Have you ever had a new inquiry come in that you were so excited about and then you have the consultation or phone call with them and you get this feeling in the pit of your stomach that this is not going to be a good fit? I think we’ve all been there.
I wanted to chat with you about how to easily let a client down (aka let them know you’re not a good fit).
Ok, cliché aside, this really is true. Hopefully, by this point in your business, you know who your ideal client is and work hard to book those ideal clients and kind of weed out the “not so ideal” clients. This is for a few reasons, A: it makes your “work” such a joy, and B: it helps build an amazing and consistent portfolio.
So what are some reasons a client may not be a good fit? There could be a lot of different reasons, and not all of them are obvious. Maybe they don’t have a budget that aligns with your style, maybe their vision is night and day to what your design aesthetic is. Or it could be something as simple (and justifiable) as you just don’t have a good feeling about the process and how difficult a client may be.
Guess what. You are the boss and can make those decisions. If you don’t have a good feeling about a potential client and think that working together is going to be a nightmare due to X, Y, or Z — then you do not have to book them!
I know it’s easier said than done, trust me. One main reason is the fact that turning away business is super tough, especially if you’re starting out or struggling to book clients consistently. But I can promise you that your gut feeling is oftentimes right and all the money in the world can’t change some of those “trouble clients”.
Another reason (my biggest hold up) is the “confrontation”.
How do you tell someone you don’t think they’re a good fit to work together without sounding mean? Especially when they’re willing and ready to book/pay! I hate confrontation, I will honestly avoid it at all costs. But sometimes you have to put on your big girl pants and suck it up.
So here is where it gets a little gray.
Well, there can be a few different ways and they will vary based on your business and what you’re personally comfortable with. I know some people recommend telling them you’re already booked for that date/time frame. However, if you’ve already had a consultation with them and as a stationer who isn’t “date based” like planners or photographers, that one is a little hard.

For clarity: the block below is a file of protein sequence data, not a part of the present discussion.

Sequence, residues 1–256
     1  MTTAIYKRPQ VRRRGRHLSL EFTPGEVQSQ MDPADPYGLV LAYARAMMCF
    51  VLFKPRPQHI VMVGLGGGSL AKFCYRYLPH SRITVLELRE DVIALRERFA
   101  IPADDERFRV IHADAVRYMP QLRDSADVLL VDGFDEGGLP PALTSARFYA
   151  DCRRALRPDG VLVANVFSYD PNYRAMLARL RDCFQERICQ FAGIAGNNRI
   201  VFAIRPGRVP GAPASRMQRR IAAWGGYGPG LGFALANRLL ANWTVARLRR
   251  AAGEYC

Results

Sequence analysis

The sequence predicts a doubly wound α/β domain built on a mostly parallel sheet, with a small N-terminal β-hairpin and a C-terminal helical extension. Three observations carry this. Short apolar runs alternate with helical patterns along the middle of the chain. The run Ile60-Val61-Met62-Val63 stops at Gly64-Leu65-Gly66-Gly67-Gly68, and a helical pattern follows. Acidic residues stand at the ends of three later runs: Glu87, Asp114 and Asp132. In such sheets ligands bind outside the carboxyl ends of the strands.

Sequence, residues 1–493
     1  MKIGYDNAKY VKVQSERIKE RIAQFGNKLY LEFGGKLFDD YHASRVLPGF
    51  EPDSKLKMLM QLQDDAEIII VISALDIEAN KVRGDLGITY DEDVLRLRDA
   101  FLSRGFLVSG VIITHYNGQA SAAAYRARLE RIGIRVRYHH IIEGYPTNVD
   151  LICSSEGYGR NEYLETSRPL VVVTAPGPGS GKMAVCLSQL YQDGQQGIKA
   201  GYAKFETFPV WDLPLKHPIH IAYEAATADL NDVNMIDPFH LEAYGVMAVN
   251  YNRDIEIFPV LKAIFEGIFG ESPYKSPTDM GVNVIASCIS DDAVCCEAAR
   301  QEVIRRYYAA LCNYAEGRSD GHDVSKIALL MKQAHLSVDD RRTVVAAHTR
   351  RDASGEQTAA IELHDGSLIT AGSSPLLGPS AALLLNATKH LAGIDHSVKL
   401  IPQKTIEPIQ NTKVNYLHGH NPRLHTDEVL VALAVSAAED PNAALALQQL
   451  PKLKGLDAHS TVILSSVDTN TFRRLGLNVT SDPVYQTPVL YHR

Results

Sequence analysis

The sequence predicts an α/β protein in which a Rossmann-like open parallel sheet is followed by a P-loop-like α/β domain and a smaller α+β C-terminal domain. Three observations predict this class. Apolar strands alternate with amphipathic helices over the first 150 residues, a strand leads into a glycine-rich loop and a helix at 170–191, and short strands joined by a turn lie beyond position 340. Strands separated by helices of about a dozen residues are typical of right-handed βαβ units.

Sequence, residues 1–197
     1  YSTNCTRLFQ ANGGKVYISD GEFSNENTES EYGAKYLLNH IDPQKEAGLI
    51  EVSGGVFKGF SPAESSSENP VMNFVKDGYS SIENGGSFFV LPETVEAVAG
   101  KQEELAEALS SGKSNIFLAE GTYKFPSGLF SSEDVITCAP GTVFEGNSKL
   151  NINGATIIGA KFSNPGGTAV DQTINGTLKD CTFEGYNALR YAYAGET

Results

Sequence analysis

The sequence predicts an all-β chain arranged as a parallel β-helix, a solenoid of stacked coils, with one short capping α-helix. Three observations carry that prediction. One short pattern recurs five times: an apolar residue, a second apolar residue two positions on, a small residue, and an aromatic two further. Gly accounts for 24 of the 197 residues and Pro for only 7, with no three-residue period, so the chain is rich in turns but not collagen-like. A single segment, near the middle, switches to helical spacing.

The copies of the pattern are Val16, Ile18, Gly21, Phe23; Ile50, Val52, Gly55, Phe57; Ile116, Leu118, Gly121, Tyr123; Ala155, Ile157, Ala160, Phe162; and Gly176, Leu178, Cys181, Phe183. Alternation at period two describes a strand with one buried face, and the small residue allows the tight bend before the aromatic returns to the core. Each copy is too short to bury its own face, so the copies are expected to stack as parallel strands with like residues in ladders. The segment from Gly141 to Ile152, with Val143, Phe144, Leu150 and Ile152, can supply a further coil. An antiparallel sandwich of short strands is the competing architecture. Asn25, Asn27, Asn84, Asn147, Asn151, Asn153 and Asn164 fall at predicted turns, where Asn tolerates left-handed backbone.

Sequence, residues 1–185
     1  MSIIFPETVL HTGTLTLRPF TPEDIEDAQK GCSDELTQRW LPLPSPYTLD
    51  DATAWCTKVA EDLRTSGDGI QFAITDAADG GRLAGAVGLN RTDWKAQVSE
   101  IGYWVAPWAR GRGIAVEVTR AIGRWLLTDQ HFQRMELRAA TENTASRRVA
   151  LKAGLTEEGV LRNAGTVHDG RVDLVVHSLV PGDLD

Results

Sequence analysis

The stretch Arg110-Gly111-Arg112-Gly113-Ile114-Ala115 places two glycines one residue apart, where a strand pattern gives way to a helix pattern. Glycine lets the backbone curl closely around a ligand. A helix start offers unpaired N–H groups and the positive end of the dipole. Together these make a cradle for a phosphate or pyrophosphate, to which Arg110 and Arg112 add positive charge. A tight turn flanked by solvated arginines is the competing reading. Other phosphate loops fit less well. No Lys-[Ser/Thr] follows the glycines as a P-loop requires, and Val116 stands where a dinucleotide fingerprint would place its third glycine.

If your reason for not being a good fit has to do with your design aesthetic (they want something way out of your ballpark that you’re used to or the style you love) you can genuinely use honesty (worded tactfully). Let them know that you love their vision, but based on your style and the aesthetic you stick to for your clients, you don’t think you could fully bring that vision to life as they deserve. You could then list some recommendations on stationers who may be able to meet their design aesthetic. (looking for recs? Check out our stationery FaceBook group!)
I would recommend taking some time to sit down and write 2-3 short responses for the different scenarios listed above to “let down clients” and just store them in your canned emails or drafts. This will allow you to easily refer to them and tweak them as needed and be able to send to a potential client that you don’t think would be a good fit.
While it would be our dream for every inquiry to be our ideal client, that’s not always the case and you need to make sure that if you don’t think you are a good fit for them, that you determine why that is and if it’s something you need to discuss with them or if you need to break out one of your responses.
I have been in a situation where I went against my better judgment and booked a client and it was definitely NOT worth the money for one reason or another. I promise that when one door is shut, another (ideal) one is opened!
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